When implementing Circular Economy (CE) principles, radical changes can be expected both concerning MSW properties and amounts but also MSW treatment value chains. CE unfolding will have consequences on existing WtE plants and the energy market but will also offer new business opportunities for the sector.
The CE action plan related to MSW can be summarized with these key actions and targets:
- Attain 65% material recycling rate by 2035 (with specific sub-targets)
- Implement separate collection and handling of specific fractions
- Reduce food wastage
MSW is at the centre of a complex web of interests. However, some targets are in conflict, e.g. less WtE will mean less renewable energy. While the Norwegian government may facilitate the implementation of CE by defining a national strategy soon, R&D should help the sector to benefit from rather than await this (r)evolution.
The future will be affected by regulatory frameworks but also societal evolution and technological developments. The relative importance of these factors is currently unknown and hence need to be quantified to optimise the route to CE.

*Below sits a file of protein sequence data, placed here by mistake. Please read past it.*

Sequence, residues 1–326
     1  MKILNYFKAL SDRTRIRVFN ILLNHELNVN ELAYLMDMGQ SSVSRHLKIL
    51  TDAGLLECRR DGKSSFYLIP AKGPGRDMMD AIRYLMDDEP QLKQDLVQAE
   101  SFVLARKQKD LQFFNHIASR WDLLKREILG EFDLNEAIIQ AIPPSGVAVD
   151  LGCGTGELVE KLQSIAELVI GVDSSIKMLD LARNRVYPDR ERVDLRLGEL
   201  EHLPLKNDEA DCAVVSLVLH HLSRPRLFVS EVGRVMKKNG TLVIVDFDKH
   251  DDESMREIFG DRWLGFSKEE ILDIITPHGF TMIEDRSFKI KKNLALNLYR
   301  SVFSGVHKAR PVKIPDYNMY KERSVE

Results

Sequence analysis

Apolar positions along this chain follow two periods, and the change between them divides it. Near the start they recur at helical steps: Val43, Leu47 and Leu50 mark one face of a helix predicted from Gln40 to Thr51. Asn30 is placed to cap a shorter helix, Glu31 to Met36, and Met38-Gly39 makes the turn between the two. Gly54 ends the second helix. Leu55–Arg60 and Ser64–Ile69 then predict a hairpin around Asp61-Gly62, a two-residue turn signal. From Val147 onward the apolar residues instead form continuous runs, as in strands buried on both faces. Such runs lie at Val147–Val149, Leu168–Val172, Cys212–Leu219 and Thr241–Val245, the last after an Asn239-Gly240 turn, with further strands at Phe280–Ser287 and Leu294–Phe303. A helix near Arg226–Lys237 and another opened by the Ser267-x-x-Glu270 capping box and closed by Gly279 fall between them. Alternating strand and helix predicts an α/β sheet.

This project will help the WtE/waste management sector by
- mapping MSW resources now and in future plausible CE scenarios
- evaluating technical solutions, existing and alternative, according to CE-relevant indicators
- incorporate these elements in a value-chain approach investigating environmental and socioeconomic impacts.
The main objective is to determine how future MSW management systems will look like in the CE and what impact CE will have on MSW-based energy production. This project will help industrial and public actors make strategic choices and investments decisions for well-designed, CE-integrated waste management systems.
- Oslo Kommune Renovasjons- og gjenvinningsetaten
- NOAH AS
- Trøndelag fylkeskommune
- CIVAC (Circular Values Cluster Norway)
- Franzefoss Gjenvinning AS
- Tafjord Kraftvarme AS
This is a Knowledge-building Project for Industry partly finenced by the Research Council of Norway.